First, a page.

“Foolish,” she said as she turned back to the grave and smiled. “I scared myself, wasn’t that silly of me?”
Elizabeth brushed a fallen leaf off the stone. Perhaps no one, including herself, had noticed the grave until now because now was when she was supposed to find it. Perhaps it had been waiting all these years until she was ready to find it. To notice it. To care.
My Precious One.
Elizabeth carefully hung her shoulder bag on the coat rack and took a deep breath before answering.
“Yes, Mother. Sorry, Mother.”
She had said the same thing (yes Mother sorry Mother) for as long as she could remember, with no variations or modifications, but tonight she noticed that the words stuck a little in her throat.
The same way she noticed how old and used up her mother looked when she walked into the dining room.
“My God, what have you done now? Just look at your clothes!”
Despite every effort not to, Elizabeth looked down and felt the same kind of chill that she had at the grave . . . a cold numbing that seeped through the layers of flesh and bone until it reached her lungs and made her gasp for air. She really was a mess. The hem of her skirt was stained with mud and a dead leaf clung to the ruined stocking just below her left knee. Although she didn’t remember it happening, three buttons on her cardigan had torn away.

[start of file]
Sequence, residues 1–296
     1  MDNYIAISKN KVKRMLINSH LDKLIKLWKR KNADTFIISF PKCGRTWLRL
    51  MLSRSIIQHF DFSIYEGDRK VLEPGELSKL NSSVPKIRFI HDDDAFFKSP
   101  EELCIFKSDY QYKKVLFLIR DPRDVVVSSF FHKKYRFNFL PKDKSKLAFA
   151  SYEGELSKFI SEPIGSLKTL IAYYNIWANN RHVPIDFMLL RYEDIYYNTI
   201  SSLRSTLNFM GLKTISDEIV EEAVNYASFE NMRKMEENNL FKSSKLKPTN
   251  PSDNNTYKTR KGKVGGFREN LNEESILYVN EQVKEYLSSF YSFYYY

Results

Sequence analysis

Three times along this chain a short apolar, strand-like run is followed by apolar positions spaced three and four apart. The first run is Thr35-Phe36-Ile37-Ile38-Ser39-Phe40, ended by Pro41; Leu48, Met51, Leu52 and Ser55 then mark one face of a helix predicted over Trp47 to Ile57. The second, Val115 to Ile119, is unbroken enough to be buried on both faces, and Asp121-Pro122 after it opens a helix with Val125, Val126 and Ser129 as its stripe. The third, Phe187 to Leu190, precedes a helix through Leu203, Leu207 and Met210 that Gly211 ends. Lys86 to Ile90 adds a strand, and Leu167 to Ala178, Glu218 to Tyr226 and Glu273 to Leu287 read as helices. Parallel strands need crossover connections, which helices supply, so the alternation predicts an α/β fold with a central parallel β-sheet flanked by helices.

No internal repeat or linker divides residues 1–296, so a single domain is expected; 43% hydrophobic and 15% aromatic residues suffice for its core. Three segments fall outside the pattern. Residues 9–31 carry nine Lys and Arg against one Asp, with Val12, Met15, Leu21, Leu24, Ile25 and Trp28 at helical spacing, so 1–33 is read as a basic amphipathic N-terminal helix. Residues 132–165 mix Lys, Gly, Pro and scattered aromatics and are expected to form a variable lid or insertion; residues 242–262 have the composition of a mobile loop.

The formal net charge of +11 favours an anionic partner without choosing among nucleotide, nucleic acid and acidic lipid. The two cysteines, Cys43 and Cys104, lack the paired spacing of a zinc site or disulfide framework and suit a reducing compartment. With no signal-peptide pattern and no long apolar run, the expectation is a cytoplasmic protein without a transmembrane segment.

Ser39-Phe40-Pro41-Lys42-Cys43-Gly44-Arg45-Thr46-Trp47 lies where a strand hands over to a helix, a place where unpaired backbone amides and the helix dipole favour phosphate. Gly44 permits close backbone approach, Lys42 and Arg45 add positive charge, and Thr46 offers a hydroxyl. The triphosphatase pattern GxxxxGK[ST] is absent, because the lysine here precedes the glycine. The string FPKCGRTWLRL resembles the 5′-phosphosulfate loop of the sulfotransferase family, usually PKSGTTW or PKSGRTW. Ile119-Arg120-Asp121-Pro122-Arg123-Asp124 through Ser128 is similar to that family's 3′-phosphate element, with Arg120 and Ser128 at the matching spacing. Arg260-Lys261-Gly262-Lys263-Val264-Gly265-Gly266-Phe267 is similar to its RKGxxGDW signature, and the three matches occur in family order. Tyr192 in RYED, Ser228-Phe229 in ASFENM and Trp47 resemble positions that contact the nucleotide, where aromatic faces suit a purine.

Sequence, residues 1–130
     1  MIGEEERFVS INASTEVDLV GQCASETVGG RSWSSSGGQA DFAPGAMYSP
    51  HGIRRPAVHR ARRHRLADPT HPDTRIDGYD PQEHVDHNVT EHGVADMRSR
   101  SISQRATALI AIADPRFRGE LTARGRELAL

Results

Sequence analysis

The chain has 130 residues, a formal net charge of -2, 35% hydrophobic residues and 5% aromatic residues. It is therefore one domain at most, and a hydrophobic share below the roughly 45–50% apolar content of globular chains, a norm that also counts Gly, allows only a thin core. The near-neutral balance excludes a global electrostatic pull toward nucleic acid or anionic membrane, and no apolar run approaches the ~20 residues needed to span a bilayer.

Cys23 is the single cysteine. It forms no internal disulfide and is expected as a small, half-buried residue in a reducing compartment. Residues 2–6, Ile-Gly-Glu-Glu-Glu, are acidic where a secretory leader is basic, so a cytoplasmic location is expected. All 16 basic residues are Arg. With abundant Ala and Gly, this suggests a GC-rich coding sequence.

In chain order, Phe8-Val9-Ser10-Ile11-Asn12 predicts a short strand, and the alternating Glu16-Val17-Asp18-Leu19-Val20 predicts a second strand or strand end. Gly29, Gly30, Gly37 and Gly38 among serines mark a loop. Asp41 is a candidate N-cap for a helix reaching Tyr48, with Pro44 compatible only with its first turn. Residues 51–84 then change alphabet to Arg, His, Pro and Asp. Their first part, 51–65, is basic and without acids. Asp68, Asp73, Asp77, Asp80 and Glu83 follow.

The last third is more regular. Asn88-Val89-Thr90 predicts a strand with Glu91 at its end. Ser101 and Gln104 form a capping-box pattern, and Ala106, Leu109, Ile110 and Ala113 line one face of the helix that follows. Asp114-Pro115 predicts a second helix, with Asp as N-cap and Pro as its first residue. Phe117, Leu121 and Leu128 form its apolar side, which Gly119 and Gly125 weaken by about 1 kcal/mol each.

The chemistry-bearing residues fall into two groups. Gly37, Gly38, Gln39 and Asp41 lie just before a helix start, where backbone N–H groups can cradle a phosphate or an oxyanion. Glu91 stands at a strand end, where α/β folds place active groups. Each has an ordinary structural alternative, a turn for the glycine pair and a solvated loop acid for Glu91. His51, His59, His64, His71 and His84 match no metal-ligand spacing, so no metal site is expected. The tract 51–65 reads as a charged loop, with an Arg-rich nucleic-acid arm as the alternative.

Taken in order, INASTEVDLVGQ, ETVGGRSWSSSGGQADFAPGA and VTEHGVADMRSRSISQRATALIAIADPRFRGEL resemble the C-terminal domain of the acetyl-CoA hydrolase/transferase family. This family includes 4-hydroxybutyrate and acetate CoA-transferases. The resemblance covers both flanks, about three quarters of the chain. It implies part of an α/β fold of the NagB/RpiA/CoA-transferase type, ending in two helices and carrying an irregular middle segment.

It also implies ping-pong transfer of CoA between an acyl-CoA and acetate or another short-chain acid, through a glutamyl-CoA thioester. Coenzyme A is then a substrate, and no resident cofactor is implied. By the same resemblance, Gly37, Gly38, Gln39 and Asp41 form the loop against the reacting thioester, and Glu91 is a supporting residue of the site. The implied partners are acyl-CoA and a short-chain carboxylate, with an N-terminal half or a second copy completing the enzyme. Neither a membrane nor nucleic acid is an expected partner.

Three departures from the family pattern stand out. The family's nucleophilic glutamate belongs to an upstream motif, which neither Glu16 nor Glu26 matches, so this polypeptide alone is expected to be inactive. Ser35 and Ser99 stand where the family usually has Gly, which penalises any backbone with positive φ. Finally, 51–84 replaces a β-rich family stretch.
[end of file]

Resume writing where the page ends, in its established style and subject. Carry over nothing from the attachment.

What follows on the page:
Elizabeth pulled the sweater closed to cover the mud-flecked blouse beneath. Funny, how she didn’t notice when it happened . . . but, then again, she hadn’t noticed so much before tonight . . .
“What have you done?” her mother asked again, accusing, all but dropping the covered casserole dish on the table when she mirrored Elizabeth’s action and reached up to clutch the front of her housedress.
“You’ve been raped, haven’t you?” The words were cold and sharp and stinging, and left bruises where they hit. “I warned you about walking through those woods, Elizabeth, and now look what’s happened. You’re ruined. No man will ever look at you again.”
Elizabeth fingered the broken thread from one of the missing buttons.
“No, Mother, I wasn’t raped. I—tripped, that’s all. That path was rather muddy.” The chill moved from her lungs, giving Elizabeth a chance to catch her breath, and made itself comfortable in her untouched womb. “I’m fine.”
“Oh.” With a sigh, her mother dropped her hand and busied herself with the casserole. “Well, dinner is probably ruined thanks to your tardiness. I try to make sure everything is timed perfectly and you think nothing of wandering in whenever it pleases you.”
“1 didn’t plan on being late, Mother.”
“That’s no excuse, Elizabeth. Now, go into the kitchen and wash your hands before the stew gets any colder than it already is.” Sitting herself at the head of the table, her mother began ladling out the steaming chunks of meat and vegetables. “I’ll not wait for you if you don’t mind.”